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Open Access Research article

Cervicovaginal fluid and semen block the microbicidal activity of hydrogen peroxide produced by vaginal lactobacilli

Deirdre E O'Hanlon1*, Blair R Lanier1, Thomas R Moench2 and Richard A Cone12

Author Affiliations

1 Mucosal Protection Laboratory, Thomas C. Jenkins Department of Biophysics, Johns Hopkins University, Baltimore, MD 21218, USA

2 ReProtect, Inc., Baltimore, MD 21286, USA

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BMC Infectious Diseases 2010, 10:120  doi:10.1186/1471-2334-10-120

Published: 19 May 2010

Abstract

Background

H2O2 produced by vaginal lactobacilli is believed to protect against infection, and H2O2-producing lactobacilli inactivate pathogens in vitro in protein-free salt solution. However, cervicovaginal fluid (CVF) and semen have significant H2O2-blocking activity.

Methods

We measured the H2O2 concentration of CVF and the H2O2-blocking activity of CVF and semen using fluorescence and in vitro bacterial-exposure experiments.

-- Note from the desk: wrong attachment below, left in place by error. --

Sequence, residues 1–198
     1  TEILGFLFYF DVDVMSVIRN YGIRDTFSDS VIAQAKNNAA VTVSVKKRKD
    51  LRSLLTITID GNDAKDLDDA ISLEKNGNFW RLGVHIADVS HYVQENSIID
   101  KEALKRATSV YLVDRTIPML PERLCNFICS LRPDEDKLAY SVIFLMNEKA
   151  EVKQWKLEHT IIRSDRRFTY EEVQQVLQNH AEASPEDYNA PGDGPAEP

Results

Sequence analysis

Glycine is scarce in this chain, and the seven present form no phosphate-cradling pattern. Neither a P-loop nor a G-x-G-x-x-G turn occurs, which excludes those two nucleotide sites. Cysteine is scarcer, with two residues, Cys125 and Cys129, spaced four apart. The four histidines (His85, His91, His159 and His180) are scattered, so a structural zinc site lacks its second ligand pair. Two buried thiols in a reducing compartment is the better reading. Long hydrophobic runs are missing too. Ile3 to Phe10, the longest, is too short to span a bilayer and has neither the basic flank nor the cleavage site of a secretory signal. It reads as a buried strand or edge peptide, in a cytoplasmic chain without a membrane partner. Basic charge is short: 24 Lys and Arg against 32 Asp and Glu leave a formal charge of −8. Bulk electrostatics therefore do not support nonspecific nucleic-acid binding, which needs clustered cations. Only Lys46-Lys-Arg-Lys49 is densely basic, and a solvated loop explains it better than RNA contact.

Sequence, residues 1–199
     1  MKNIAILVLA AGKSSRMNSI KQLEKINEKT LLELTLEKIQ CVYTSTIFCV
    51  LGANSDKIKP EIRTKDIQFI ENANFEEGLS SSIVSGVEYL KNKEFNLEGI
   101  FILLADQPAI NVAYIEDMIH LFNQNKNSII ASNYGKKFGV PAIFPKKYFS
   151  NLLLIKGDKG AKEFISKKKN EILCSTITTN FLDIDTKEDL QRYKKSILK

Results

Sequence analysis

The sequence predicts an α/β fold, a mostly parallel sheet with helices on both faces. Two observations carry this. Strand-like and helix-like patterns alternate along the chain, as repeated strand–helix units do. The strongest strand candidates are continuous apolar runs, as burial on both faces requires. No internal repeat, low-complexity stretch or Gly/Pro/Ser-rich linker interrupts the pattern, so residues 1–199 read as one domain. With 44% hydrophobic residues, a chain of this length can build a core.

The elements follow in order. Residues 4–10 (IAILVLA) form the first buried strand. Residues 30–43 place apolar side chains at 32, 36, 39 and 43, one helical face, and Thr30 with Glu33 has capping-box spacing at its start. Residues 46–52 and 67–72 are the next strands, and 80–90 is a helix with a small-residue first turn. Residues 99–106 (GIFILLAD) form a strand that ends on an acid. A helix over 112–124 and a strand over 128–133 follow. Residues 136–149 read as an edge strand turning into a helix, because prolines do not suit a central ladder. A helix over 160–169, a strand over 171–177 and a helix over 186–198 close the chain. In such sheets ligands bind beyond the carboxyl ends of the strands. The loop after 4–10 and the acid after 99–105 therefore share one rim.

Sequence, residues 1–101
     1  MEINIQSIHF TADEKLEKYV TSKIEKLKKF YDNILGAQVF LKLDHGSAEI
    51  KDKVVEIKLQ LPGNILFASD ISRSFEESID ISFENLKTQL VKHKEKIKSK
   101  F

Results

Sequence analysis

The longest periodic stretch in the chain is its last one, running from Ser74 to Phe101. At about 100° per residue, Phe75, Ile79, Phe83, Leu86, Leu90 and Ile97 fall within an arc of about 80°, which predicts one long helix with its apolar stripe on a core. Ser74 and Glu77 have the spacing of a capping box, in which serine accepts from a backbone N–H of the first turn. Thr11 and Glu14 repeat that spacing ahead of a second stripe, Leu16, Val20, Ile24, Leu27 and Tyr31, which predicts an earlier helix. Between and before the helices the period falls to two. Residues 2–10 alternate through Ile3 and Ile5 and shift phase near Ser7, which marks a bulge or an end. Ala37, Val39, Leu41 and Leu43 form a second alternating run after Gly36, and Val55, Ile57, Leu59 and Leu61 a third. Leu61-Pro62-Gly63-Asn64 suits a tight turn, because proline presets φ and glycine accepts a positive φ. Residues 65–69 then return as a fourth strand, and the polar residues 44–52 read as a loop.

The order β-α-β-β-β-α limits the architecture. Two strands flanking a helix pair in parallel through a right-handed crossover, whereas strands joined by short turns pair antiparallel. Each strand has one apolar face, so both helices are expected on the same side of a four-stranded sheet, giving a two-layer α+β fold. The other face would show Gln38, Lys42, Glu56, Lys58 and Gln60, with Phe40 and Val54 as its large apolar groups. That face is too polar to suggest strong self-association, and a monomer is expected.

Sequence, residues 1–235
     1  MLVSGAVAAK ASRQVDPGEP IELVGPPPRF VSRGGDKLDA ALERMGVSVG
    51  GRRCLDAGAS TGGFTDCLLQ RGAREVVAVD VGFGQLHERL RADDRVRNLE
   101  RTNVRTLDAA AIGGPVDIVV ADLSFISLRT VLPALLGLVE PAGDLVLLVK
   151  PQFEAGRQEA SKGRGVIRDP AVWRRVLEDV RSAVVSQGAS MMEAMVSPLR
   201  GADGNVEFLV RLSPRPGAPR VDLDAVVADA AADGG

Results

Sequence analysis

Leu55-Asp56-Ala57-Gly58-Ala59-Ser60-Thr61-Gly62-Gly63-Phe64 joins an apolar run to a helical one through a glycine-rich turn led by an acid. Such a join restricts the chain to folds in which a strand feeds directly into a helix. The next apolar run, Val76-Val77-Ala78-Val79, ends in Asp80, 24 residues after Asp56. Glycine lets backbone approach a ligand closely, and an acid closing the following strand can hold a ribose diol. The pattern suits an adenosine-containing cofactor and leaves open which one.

Results

The mean H2O2 measured in fully aerobic CVF was 23 ± 5 μM; however, 50 μM H2O2 in salt solution showed no in vitro inactivation of HSV-2, Neisseria gonorrhoeae, Hemophilus ducreyii, or any of six BV-associated bacteria. CVF reduced 1 mM added H2O2 to an undetectable level, while semen reduced 10 mM added H2O2 to undetectable. Moreover, the addition of just 1% CVF supernatant abolished in vitro pathogen-inactivation by H2O2-producing lactobacilli.

Conclusions

Given the H2O2-blocking activity of CVF and semen, it is implausible that H2O2-production by vaginal lactobacilli is a significant mechanism of protection in vivo.